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On the seven thoughts
what we think is the way we see
When it comes to art and writing, what is style? Is it just a matter of repetition?
Many authors have clear tells. Elena Ferrante, Haruki Murakami, Mary Gaitskill, George Sanders, and Neil Gaiman come to mind. I return to their writing knowing that I will find the same story and literary grace (or abruptness) repackaged with varying narrative delivery or plotlines.
There are fewer authors whose writing doesn’t in some way repeat itself, in sentiment and style. Amor Towles is the best recent example I can come up with. And I’ll be honest, it drives me crazy. When I love an author’s work, I want more of the same. I want the essence of the writer as much as I want the writing itself.
It is often said that at some point writers will begin to “find their voice” and stop copying others. But finding one’s voice might just mean we’ve created a groove, a way of telling the same story over and over again, and merely adjusting the lens.
I’ve been thinking about this a lot because after I complete my essay collection, I’d like to try something new. Something less fed by my past and more influenced by a sort of vision or presence. But I wonder if, ultimately, the tone will be the same.
John O'Donohue, an Irish philosopher and poet, in his works and talks, says that much of our reality is what exists behind the face. Meaning in the darkness within, that which no one can see. Our “doing” or accomplishments or lifestyle are only a fraction of our existence. I appreciated this idea but wonder if that which lives behind the face is revealed through the lens of art.
And if so, can the story change?
In another slice of brilliance, O'Donohue suggested in a talk he offered over a decade ago, before his passing, that those receiving his words would benefit from challenging themselves to think about the seven (7) thoughts that dictate their inner lives. I churned on this and began to wonder, if there are seven (or more or less) dominant thoughts, and we change them, will that change our work?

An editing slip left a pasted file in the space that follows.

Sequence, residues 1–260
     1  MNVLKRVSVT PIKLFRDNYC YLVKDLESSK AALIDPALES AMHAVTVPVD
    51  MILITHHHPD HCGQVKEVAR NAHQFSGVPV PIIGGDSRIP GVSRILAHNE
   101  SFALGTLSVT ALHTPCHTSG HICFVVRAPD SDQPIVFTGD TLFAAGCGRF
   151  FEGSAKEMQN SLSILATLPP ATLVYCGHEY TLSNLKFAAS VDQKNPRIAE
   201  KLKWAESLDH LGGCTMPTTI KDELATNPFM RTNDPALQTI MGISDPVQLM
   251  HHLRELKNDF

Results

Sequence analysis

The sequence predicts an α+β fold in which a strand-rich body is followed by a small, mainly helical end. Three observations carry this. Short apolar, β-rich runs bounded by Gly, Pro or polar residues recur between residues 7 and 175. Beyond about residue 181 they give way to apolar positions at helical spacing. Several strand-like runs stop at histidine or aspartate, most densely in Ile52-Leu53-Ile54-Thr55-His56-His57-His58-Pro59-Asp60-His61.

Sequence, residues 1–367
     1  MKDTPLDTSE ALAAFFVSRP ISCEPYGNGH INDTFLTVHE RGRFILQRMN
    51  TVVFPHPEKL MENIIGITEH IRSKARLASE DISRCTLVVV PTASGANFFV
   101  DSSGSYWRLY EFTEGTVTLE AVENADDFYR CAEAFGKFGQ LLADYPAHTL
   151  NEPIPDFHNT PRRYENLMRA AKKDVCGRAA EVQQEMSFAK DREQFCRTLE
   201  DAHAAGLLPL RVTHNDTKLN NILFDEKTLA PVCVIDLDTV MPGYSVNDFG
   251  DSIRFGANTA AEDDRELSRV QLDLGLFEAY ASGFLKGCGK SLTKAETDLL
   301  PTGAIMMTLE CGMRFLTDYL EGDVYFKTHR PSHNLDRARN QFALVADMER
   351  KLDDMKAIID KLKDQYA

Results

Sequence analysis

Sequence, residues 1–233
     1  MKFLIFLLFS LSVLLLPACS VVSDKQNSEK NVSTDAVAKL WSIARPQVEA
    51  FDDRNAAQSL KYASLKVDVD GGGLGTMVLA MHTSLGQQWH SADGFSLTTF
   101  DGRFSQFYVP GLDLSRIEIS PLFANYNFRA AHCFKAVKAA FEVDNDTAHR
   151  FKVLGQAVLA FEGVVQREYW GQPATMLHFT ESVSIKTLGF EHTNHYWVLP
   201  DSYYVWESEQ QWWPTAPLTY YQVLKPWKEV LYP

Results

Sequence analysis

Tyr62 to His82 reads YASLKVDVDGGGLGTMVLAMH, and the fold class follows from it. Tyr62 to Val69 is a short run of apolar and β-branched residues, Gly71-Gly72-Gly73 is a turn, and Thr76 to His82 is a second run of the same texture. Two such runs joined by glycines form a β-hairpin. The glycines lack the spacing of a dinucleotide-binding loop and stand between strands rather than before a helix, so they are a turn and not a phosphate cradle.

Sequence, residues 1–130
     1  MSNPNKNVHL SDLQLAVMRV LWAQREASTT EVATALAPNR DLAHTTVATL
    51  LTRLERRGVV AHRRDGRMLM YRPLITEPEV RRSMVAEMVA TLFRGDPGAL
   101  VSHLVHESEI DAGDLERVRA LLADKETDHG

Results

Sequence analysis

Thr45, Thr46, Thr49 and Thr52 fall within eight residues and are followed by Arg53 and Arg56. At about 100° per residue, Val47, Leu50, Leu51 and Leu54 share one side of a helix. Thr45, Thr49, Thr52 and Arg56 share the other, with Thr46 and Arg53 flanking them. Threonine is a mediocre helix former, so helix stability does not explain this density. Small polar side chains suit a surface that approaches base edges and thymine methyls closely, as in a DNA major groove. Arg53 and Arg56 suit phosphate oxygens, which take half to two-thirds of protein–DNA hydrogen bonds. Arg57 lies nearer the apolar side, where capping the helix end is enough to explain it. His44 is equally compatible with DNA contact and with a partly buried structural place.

Take a moment and ask yourself what seven thoughts dominate your inner landscape. Perhaps one will come quickly, maybe two. For me, about four surfaced immediately. I thought about the beauty of small moments, the discomfort of being copied or not being given credit, the journey of my life and whether I’ll leave anything of value, the longing for security and health among my small family, and the simultaneous challenge and love I feel when I teach and write. I struggled to find more, but when I got honest about it, the others were less ideal. I found more worry and pain in their messaging, which would be counterproductive to share here.
I think a lot about philosophy, the meaning of pain, the way breath is shared; and I think quite less about what feeds most small talk or popular subjects. I don’t watch sports or most popular television shows, and I don’t care about brands or prestige. All of this is evident in my fiction, CNF, and poetry. At heart (or perhaps soul), I am looking for certain things in the world by looking at the world in a particular way.
The idea that so much of what sustains our mental space every day can be encapsulated in seven or so recurring thoughts is profound. Maybe more or fewer, but if you can distill things down to seven, it’s a self-study practice like no other I’ve done.
In response to what arises, John O'Donohue suggested to his audiences that we then ask ourselves what we’d prefer these seven to be, and he invites us to do the work to change them. The call to action is that our most transcendent capabilities lie within our projection of the world itself.
Perhaps we share the same stories again and again. Perhaps we do this to rid them of their power over us. Or perhaps by sharing the same stories we are taking small steps to better understand them and move beyond, somewhere yet unseen and so full of potential.
If you try this practice, let me know how it goes.